The React is “just” JavaScript Myth

June 01, 2018

One oft-repeated phrase I hear in blog posts, talks, and podcasts is “React is just JavaScript.” I think this catchy truism is good marketing, but also false.

React is so much more than “just JavaScript”. React is an ecosystem. I feel like it’s a disservice to anyone trying to learn to diminish all that React entails. React shows up on the scene with Babel, Webpack, and JSX (which each have their own learning curve) then quickly branches out into technologies like Redux, React-Router, Immutable.js, Axios, Jest, Next.js, Create-React-App, GraphQL, and whatever weird plugin you need for your app.

The ecosystem is constantly evolving and building off itself, composting old best practices into new best practices. It’s thriving. It’s a biome filled with lifecycles, hype cycles, and major API changes.

In my experience, there’s no casual mode within React. You need to be all-in, keeping up with the ecosystem, or else your knowledge evaporates. I sometimes browse React projects and look at the import blocks to see if I recognize any of the dependencies; I probably average about ~8%.

The original marketing material for React was “Not a framework, just a view library” but as time has progressed this seems ill-fitting. React is now a foundation, a DSL of sorts, upon which you start building your project. When you remove React as a dependency does all this “just JavaScript” still work? Nope. And it would be silly to expect that.

Maybe what people mean when they say this is that JSX doesn’t have a for-loop template syntax, so you use a lot of inline map() functions in your JSX to loop through data. This seems like a low bar for calling things “just JavaScript”. Or maybe they mean after it has been run thru the Rube Goldberg codemod machine, it’s just JavaScript.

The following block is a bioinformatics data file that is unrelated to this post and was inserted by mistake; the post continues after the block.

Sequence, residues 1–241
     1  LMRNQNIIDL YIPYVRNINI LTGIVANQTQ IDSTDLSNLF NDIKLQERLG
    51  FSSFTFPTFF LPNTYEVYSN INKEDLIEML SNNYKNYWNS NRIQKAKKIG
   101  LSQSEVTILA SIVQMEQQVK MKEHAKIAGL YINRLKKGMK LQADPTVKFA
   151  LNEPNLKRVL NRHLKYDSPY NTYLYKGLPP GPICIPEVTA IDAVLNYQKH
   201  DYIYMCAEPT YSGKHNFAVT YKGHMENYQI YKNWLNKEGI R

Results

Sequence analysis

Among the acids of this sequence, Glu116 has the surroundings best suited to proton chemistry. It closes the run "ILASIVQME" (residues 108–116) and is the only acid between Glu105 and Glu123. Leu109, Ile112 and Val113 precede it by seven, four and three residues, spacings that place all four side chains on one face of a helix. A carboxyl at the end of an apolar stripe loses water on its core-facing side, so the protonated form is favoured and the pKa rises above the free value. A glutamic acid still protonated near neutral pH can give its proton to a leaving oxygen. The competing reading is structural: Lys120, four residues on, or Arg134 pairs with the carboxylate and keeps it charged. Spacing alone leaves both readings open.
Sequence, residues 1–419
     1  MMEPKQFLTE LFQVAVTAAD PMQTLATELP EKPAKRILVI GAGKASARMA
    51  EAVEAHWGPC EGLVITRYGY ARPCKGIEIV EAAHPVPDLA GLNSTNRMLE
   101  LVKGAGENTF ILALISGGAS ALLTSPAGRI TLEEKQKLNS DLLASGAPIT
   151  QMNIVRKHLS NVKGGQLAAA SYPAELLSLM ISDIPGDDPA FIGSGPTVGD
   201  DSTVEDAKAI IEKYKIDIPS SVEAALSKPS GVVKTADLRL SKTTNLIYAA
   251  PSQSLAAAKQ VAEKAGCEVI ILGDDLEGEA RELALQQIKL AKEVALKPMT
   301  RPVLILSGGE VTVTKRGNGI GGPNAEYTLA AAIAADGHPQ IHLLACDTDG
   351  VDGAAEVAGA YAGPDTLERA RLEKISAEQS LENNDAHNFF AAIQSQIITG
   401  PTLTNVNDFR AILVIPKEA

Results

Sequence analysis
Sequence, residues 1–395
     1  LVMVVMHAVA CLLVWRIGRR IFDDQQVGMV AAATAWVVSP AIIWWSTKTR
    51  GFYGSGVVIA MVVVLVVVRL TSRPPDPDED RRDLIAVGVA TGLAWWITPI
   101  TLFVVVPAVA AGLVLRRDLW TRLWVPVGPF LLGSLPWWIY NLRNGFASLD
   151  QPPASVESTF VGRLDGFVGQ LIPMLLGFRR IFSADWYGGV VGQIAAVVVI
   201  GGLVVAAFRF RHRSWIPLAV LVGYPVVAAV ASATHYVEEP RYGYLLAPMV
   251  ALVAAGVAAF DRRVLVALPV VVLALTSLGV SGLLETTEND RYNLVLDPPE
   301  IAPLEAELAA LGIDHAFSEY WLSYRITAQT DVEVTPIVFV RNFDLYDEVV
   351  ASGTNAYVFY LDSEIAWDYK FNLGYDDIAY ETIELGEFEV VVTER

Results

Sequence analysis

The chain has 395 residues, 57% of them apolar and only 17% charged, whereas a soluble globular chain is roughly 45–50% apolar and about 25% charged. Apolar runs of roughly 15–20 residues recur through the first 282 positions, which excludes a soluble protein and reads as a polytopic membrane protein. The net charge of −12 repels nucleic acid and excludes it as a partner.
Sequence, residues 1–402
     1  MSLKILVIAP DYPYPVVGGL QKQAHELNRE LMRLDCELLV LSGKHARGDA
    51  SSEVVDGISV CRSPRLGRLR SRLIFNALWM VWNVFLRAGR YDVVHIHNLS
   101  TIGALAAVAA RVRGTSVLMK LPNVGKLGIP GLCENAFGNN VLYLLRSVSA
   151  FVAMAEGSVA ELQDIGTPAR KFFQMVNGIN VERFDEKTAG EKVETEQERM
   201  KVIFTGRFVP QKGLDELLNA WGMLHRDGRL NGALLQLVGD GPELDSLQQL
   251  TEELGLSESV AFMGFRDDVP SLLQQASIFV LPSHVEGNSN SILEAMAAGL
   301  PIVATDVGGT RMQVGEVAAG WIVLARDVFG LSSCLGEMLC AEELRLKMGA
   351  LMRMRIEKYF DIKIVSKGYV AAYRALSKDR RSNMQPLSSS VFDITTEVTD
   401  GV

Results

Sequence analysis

jQuery was just JavaScript too (no VBScript whatsoever). I jest, but I think React and jQuery share a lot about what makes a successful project: an intuitive syntactic sugar API and a bubbling ecosystem of plugins and extensions that solve common developer problems. Other largely-adopted technologies like WordPress, Rails, heck even Linux, possess those same characteristics.

React turned 5 years old this week. I marvel that in such a short amount of time it’s become the somewhat defacto expectation for front-end work. I think it speaks to a lot of talented people working hard to build a sophisticated ecosystem of tools that developers enjoy. As for me and React… it’s complicated. I appreciate a lot of what the React component system offers and the reactive nature of the components, but still find it difficult to marry that developer experience to my own experience.